Our Mamilla

In the 1950s, fellow students and I would leave school grounds, walk down Derech Bethlehem to the beautiful area then known as Julian’s Way (now King David Street). We passed the King David Hotel on our right and the gracious YMCA on the left. At the intersection, we turned left onto Mamilla Street. On one side was the remains of an old Muslim cemetery. Across the street, we passed the American Consulate building and the French Cultural Center, until we crossed the road at Keren Kayemet.

The American Consulate is still there and so is the French Cultural Center. The only change is the name of the street. Sixty-four years ago, it was known as Mamilla Street. Now it is called Rehov Agron.

When we travel from our home in Rishon to Jerusalem, our favorite stop is at the luxurious Mamilla Mall. It is so popular that garage parking is usually filled. Often, we have to look for parking somewhere on King David Street and walk a few long blocks to the entrance to the mall.

It is lined from side to side with exclusive jewelry shops, fine clothing stores, multitudes of cafes and first-class restaurants, gift shops with high prices and exquisite shops selling all kinds of first-class merchandise.

Our favorite restaurant is the Café Café next door to Steimatsky, Israel’s chain of number one bookshops. We enter Steimatsky and browse through many shelves and counters for the latest novels, gift albums of Jerusalem landscapes, history books and guide books for most of the cities of the world.

Israelis are inveterate travelers and books on Thailand, Nepal, Ceylon, Vietnam and China are lined on the shelves next to guide books to France, Italy, Greece, Germany, Russia and most of the European tourist cities. We turn the pages gently and compare suggestions as to where we should visit.

In the meantime, hunger reminds us that it’s time for lunch and Café Café joins Steimatsky in a large Jerusalem stone building. The menu is large, all dairy delicacies. My wife settles on a gigantic salad and I opt for the pasta primavera. She orders Neviot bottled water and I prefer the espresso. We both share a large portion of apple strudel with sweet whipped cream.

To walk off our meal, we begin the trek to the Kotel. It’s a long walk through the busy Mamilla mall and at the end there are many large stone steps to climb. After several turns, we arrive in the lines waiting for check-ins at the security gate. We empty our pockets of all metal objects and if we are cleared we begin our long winding way through the narrow streets of the Arab markets and the Armenian Patriarchate.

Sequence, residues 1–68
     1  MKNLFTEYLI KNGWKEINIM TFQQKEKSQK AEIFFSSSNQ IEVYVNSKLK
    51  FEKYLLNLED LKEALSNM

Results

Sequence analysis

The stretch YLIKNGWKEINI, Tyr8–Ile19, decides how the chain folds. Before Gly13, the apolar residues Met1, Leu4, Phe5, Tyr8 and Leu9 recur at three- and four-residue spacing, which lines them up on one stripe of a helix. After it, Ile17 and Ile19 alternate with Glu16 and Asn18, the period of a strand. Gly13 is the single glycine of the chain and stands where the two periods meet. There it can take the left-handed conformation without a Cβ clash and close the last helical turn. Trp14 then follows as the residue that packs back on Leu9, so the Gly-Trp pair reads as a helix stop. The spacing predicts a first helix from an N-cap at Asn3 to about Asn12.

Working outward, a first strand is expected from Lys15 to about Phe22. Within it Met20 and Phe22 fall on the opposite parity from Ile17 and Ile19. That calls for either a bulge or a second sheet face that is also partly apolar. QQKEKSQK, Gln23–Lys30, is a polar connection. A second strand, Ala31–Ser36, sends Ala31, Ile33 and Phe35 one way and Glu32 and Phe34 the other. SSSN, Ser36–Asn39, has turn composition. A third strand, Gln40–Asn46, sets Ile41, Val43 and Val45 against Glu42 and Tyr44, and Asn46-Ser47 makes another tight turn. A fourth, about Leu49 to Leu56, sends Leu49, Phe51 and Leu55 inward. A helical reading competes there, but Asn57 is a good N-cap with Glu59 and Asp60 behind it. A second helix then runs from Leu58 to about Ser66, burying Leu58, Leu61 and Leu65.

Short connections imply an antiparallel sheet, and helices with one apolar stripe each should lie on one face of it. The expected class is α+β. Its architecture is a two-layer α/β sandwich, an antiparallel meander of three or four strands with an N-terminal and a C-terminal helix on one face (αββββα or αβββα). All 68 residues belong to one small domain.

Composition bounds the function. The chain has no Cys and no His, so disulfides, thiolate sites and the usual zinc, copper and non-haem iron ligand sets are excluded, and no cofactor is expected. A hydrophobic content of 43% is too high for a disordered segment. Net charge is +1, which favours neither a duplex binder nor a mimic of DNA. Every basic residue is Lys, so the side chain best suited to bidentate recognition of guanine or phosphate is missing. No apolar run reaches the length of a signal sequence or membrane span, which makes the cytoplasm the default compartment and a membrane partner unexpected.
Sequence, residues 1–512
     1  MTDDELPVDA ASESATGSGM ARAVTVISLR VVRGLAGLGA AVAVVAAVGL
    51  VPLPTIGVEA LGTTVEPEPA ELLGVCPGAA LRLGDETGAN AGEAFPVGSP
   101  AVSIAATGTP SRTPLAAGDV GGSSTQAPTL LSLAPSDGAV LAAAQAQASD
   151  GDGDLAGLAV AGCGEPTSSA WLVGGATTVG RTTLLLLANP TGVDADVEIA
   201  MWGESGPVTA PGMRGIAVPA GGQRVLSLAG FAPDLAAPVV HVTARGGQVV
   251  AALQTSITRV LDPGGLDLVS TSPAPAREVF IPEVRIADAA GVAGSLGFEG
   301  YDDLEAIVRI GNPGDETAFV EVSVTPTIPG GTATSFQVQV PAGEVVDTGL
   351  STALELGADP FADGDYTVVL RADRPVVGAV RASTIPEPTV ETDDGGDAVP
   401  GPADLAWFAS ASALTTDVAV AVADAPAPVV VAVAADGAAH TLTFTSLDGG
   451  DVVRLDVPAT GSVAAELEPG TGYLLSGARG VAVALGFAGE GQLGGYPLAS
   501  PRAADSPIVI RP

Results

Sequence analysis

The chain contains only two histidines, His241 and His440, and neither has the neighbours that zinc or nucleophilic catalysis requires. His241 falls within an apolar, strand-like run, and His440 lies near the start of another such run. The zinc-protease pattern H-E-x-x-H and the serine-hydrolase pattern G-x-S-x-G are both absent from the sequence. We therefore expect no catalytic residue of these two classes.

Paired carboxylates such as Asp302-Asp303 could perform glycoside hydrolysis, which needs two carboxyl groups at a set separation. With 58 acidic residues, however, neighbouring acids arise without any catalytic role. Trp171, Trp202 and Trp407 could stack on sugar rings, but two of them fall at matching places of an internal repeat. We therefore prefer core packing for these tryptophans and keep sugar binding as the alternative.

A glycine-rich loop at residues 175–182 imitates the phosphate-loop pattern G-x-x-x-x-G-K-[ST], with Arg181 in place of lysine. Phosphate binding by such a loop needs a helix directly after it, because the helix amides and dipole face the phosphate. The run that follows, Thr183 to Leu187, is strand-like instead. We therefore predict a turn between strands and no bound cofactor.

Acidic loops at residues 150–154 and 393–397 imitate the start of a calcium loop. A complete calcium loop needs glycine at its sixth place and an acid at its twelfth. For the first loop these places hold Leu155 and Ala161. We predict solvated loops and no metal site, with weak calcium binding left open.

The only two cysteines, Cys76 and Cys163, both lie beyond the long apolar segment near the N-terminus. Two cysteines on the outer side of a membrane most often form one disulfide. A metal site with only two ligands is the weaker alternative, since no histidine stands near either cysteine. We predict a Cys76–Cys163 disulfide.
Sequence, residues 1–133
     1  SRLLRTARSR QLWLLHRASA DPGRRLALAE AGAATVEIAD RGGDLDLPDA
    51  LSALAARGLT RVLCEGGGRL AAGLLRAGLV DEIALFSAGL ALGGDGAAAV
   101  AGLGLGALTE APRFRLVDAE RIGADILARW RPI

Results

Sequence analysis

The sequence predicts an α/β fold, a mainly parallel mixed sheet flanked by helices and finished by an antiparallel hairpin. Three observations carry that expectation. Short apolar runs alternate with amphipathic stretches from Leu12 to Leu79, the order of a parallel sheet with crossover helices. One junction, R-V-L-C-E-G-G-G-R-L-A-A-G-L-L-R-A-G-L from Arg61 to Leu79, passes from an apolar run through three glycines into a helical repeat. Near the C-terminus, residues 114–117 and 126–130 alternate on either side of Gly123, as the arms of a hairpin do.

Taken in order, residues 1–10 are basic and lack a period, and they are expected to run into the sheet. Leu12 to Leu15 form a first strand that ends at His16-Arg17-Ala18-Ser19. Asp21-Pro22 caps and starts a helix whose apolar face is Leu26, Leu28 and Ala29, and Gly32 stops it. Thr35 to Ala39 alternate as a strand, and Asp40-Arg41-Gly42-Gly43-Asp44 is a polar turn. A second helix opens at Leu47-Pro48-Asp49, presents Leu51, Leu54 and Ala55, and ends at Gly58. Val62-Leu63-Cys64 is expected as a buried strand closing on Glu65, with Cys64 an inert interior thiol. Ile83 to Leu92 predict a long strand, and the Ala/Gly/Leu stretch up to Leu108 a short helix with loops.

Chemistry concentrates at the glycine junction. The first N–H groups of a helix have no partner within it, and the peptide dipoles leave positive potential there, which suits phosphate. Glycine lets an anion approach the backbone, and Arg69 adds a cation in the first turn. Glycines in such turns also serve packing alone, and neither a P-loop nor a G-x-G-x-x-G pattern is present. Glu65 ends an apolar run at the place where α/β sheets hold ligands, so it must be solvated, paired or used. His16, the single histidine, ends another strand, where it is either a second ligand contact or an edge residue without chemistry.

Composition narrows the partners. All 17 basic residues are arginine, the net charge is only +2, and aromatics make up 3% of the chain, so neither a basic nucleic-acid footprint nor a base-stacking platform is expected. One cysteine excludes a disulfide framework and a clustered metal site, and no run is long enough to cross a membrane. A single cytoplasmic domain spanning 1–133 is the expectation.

We have to walk single file hugging the ancient walls to allow taxis and cars to pass safely.

Arab merchants line the streets hawking their wares and inviting tourists to stop into their shops with the proverbial, “Come into my shop. I have a special price for you”.

We pass them by without looking at them. Occasionally, when a hawker stands outside his shop to invite us in to purchase with the “I give you the best price in Jerusalem”, I begin to get annoyed and without looking at him, I loudly respond in Arabic, “Shukran habibi. Nachnu min hun”… Thanks, buddy. We are from here.

At last we see the Kotel in the near distance and descend the steps leading to the Western Wall Plaza.

My wife goes into the partitioned section for women since religious law segregates male and female worshippers.

On our last two visits to the Kotel, I chose not to worship and I wait for my wife in the central plaza. For twenty-five years I have been praying there, inserting small notes into the crevices of the ancient walls. Petitions to a God who neither reads my tiny notes, nor sees my tears of frustration, nor hears the cries of my prayers. So I have given up. To quote the familiar joke, “it’s like talking to the wall.”

When my wife has finished her supplications, we climb the steep stones to the Jewish Quarter,passing the reconstructed ancient Hurva Synagogue, enjoying the interesting shops and refreshing ourselves with freshly squeezed orange juice. We leave the sacred plaza by the Dung Gate and make our way slowly back to our parked car, all the while hoping that we have not found a ticket on our windshield for parking too long.

On the one hour drive back home to Rishon we share our thoughts of the visit. And we agree to come again in a few month’s time. And we are both in agreement that our Mamilla Mall is a wonderful place to spend a day visiting. How magnificently it has changed since my first visit to the area in 1951.

About the Author
Esor Ben-Sorek is a retired professor of Hebrew, Biblical literature & history of Israel. Conversant in 8 languages: Hebrew, Yiddish, English, French, German, Spanish, Polish & Dutch. Very proud of being an Israeli citizen. A follower of Trumpeldor & Jabotinsky & Begin.
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